My research primarily focuses on the biogeochemical cycles of trace elements and the application of their isotope systems in Earth and environmental sciences. Trace elements can be toxic pollutants or vital nutrients that limit the growth of organisms and control the biological evolution of the Earth. I apply high precision elemental and isotopic analysis to study the source, transformation and fate of trace elements.
I am a research associate in Dr. Anbar’s lab. One of the major elements that I have been studying is mercury (Hg), a global pollutant that has received increasing attention. Stable isotope fractionation of Hg is a powerful tool in tracing Hg cycle in the environment. I have been studying the fundamental mechanisms of Hg isotope fractionation during its transformations, as well as tracing Hg cycling at various temporal and spatial scales using its stable isotopes.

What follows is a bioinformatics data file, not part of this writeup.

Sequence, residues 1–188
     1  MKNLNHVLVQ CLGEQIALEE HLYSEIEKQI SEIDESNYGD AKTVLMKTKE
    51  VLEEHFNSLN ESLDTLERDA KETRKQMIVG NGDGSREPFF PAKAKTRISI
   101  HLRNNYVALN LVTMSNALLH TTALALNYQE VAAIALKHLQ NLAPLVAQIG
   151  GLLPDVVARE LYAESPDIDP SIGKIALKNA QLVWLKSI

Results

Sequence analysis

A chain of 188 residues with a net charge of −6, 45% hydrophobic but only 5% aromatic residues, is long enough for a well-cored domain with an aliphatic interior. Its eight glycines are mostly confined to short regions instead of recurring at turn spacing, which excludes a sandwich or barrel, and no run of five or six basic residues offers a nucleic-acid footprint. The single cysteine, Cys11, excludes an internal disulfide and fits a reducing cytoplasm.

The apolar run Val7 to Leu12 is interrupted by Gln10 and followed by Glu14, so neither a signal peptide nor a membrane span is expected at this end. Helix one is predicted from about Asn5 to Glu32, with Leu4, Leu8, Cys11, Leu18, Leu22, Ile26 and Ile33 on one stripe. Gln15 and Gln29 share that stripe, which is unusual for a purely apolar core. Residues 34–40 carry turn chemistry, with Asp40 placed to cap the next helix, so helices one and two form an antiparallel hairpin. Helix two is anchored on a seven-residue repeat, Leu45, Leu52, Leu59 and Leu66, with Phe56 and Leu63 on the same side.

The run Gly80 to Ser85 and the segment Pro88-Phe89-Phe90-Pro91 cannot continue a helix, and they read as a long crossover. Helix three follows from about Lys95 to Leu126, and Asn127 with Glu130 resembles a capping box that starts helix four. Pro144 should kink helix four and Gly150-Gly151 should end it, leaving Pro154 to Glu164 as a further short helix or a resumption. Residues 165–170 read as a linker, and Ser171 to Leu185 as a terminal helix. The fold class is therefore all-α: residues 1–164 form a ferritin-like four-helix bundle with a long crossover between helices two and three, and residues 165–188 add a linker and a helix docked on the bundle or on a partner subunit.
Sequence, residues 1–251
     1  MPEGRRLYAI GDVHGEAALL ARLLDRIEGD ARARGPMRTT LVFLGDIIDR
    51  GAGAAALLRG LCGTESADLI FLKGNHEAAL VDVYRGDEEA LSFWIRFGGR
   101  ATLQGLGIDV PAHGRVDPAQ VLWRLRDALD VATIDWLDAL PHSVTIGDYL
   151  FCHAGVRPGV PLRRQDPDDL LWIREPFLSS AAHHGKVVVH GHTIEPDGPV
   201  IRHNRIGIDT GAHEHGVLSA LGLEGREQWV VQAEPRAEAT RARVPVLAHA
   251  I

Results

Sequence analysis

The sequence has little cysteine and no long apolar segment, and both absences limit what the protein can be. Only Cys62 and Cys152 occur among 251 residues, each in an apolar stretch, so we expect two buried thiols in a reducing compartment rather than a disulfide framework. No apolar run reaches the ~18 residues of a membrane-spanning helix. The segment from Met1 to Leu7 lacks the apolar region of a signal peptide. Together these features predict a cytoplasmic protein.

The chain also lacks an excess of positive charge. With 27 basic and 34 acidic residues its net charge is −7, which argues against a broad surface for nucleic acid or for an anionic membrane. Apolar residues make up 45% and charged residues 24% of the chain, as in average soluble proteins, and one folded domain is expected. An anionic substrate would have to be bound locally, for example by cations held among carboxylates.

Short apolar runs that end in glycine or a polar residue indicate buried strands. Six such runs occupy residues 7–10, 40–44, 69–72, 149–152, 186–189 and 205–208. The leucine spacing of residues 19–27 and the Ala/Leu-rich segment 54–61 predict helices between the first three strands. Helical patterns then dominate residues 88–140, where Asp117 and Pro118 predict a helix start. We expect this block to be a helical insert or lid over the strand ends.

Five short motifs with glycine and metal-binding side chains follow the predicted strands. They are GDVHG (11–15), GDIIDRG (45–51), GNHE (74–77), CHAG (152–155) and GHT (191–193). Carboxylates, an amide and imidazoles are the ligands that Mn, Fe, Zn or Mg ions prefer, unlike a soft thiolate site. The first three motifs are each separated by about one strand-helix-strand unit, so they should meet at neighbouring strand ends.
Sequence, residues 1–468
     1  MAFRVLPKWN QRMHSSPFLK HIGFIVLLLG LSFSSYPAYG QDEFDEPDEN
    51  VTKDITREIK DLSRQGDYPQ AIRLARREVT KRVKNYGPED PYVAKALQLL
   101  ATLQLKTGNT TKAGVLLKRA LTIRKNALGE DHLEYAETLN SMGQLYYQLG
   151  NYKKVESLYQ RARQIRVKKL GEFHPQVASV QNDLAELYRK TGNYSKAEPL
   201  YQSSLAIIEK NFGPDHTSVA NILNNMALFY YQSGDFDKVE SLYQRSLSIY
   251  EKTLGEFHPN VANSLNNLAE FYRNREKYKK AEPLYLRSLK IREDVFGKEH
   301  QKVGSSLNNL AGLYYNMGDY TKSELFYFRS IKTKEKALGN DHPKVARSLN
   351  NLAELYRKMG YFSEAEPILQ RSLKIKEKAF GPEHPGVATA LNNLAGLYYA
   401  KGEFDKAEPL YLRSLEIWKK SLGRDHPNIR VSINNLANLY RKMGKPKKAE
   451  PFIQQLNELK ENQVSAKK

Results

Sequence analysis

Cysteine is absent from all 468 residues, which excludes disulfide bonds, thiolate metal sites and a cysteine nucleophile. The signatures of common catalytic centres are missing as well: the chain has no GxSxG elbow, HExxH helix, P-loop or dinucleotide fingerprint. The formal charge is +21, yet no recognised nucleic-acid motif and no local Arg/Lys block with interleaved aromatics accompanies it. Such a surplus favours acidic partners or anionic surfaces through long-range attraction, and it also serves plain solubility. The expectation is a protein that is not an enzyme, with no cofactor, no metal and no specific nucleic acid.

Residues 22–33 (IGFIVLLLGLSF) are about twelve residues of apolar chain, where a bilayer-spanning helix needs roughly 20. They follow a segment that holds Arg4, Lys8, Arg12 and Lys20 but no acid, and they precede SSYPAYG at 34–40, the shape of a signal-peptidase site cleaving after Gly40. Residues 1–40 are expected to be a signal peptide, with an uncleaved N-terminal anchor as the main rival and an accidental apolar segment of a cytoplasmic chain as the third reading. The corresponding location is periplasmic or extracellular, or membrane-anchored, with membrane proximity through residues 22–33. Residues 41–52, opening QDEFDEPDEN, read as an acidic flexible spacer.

In Dr. Anbar’s lab, my role is to support the operation of the lab, contribute to existing research projects and lead new research projects. I maintain lab instruments, help students run their samples and handle external requests for sample analysis or collaborations. I am involved in various projects that study the early history of the Earth using novel metal isotope systems (e.g., Mo and U), and projects that use Ca isotopes in biomedical research. In the mean time, I am developing Hg isotopes as a novel tracer for ocean redox change in early Earth. You can contact me at firstname.lastname@example.org.